Neuromarketing Neuromarketing is a new field of marketing research that studies consumers' sensorimotor, cognitive, and affective response to marketing stimuli. Researchers use technologies such as functional magnetic resonance imaging (fMRI) to measure changes in activity in parts of the brain, electroencephalography (EEG) and Steady state topography (SST) to measure activity in specific regional spectra of the brain response, and/or sensors to measure changes in one's physiological state, also known as biometrics, including (heart rate and respiratory rate, galvanic skin response) to learn why consumers make the decisions they do, and what part of the brain is telling them to do it. Neuromarketing research raised interest for both academic and business side. In fact, certain companies, particularly those with large-scale goals, have invested in their own laboratories, science personnel and / or partnerships with academia.  The word "neuromarketing" was coined by Ale Smidts in 2002. Coke vs.
neurociencias Redes 136: «Cómo construimos los recuerdos». Fecha de emisión: 09/12/2012. ¿Podemos fiarnos de nuestros recuerdos? Un aroma, una frase, una imagen es lo que suele quedarse grabado en nuestra memoria, pero el contexto, el resto de circunstancias que visten ese recuerdo es, en gran parte, producto de nuestra imaginación. En este programa de Redes, el neurocientífico Martin Conway explica a Eduard Punset cómo lo real y lo ficticio se mezclan en nuestra mente para construir nuestros recuerdos y, a su vez, nuestra identidad. Y en su sección, Elsa Punset nos muestra cómo la identidad no es un rasgo inmutable, sino algo que podemos modelar. Descarga la transcripción de la entrevista.Descárgate el programa en formato MP3, MP4 o M4V.Consulta otros horarios de emisión de Redes.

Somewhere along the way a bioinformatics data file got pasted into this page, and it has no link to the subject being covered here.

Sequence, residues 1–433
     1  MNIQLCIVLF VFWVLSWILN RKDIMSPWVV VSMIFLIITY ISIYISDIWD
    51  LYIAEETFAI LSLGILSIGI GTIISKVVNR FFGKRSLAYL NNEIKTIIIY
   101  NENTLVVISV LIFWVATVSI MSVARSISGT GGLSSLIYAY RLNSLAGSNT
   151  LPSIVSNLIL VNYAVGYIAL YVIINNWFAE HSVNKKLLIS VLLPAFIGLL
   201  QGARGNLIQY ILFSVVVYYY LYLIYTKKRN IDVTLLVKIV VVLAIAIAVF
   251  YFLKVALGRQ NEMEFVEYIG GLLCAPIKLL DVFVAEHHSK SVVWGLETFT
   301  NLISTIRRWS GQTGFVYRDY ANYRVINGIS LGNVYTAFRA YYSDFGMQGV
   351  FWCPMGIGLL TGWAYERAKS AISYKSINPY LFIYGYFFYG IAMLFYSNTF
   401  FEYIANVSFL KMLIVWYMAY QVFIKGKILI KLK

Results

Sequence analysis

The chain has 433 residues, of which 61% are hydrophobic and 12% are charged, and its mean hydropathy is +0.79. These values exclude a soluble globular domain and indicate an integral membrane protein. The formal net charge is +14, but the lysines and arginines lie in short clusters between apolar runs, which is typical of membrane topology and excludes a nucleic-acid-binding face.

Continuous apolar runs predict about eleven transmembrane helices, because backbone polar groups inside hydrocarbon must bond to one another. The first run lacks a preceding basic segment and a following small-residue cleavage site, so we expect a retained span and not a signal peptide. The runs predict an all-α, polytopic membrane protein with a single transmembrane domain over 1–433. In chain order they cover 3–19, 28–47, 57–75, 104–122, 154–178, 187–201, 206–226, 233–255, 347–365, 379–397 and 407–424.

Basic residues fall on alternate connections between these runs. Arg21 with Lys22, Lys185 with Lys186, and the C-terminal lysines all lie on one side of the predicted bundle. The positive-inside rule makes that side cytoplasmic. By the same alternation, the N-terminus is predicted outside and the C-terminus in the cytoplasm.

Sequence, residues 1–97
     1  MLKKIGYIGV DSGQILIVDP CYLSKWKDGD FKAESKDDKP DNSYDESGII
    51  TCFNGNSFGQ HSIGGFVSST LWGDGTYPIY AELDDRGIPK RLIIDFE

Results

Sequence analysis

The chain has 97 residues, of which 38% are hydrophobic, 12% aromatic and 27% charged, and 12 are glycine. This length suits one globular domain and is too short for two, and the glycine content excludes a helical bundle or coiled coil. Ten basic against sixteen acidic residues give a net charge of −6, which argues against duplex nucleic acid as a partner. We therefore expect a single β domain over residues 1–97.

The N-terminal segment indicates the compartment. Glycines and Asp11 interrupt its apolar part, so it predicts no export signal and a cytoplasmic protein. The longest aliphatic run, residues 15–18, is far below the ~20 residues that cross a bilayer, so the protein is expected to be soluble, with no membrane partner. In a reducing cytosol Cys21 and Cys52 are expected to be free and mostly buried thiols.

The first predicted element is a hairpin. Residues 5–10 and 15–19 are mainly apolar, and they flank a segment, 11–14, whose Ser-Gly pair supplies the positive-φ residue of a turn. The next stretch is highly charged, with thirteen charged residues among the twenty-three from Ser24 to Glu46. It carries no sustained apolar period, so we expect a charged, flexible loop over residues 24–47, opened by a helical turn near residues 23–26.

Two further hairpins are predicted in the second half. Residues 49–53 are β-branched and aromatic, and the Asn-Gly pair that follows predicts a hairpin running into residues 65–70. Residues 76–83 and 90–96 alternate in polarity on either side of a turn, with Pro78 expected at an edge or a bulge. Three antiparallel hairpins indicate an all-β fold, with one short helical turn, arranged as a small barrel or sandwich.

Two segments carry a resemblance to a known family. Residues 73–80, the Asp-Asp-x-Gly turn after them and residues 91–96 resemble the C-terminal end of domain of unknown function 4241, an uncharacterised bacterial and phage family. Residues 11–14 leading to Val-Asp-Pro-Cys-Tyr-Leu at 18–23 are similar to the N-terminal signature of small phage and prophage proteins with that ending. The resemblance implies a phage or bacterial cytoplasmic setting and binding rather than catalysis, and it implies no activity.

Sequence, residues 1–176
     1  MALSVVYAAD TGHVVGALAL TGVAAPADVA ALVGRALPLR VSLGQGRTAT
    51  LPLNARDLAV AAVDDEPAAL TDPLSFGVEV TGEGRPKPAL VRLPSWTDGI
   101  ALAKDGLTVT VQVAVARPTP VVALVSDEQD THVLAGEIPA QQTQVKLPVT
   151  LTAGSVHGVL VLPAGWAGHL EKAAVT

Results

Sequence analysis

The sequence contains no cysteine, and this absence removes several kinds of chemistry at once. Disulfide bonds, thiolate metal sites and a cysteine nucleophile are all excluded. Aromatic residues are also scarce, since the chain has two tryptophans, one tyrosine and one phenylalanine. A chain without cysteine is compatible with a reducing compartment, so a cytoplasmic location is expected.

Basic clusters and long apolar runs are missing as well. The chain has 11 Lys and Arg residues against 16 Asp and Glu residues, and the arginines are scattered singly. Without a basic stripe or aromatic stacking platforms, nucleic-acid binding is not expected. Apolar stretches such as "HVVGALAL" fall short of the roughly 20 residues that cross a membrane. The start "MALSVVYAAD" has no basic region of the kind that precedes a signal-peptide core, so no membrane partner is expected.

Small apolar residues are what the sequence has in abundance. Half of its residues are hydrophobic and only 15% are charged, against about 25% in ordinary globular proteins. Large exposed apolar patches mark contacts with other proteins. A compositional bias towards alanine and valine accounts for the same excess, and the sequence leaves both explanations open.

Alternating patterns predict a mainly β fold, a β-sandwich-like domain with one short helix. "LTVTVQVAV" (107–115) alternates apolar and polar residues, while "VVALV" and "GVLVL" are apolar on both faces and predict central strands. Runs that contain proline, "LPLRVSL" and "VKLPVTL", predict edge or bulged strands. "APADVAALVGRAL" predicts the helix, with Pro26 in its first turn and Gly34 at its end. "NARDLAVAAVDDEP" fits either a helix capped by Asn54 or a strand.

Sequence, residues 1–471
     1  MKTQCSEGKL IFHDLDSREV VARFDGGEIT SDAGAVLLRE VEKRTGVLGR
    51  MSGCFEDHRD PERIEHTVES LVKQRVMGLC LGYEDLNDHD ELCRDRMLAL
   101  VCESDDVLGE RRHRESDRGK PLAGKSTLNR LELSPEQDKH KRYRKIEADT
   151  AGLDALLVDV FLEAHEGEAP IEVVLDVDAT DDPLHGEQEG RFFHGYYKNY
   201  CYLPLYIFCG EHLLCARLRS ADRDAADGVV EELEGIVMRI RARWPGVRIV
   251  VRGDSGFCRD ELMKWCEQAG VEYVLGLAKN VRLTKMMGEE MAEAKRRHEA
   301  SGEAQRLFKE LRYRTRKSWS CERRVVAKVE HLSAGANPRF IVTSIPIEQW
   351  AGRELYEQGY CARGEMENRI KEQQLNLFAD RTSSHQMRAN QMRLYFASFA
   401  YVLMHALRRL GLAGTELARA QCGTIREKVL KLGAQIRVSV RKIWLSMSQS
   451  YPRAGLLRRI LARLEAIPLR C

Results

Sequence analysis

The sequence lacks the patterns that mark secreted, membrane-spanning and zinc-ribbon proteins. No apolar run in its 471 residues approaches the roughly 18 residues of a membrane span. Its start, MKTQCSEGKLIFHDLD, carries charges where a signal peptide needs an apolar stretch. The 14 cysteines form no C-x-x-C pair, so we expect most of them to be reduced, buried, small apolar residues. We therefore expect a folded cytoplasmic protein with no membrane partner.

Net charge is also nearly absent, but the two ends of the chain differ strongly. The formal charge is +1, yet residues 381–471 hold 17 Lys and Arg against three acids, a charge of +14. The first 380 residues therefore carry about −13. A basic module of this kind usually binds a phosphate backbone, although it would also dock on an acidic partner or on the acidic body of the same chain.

Scientists extract images directly from brain ::: Pink Tentacle Researchers from Japan's ATR Computational Neuroscience Laboratories have developed new brain analysis technology that can reconstruct the images inside a person's mind and display them on a computer monitor, it was announced on December 11. According to the researchers, further development of the technology may soon make it possible to view other people's dreams while they sleep. The scientists were able to reconstruct various images viewed by a person by analyzing changes in their cerebral blood flow. Then, when the test subjects were shown a completely new set of images, such as the letters N-E-U-R-O-N, the system was able to reconstruct and display what the test subjects were viewing based solely on their brain activity. For now, the system is only able to reproduce simple black-and-white images. "These results are a breakthrough in terms of understanding brain activity," says Dr. The research results appear in the December 11 issue of US science journal Neuron. [Source: Chunichi]
BCNeurociencia : "Haikus, origami y neurociencia"...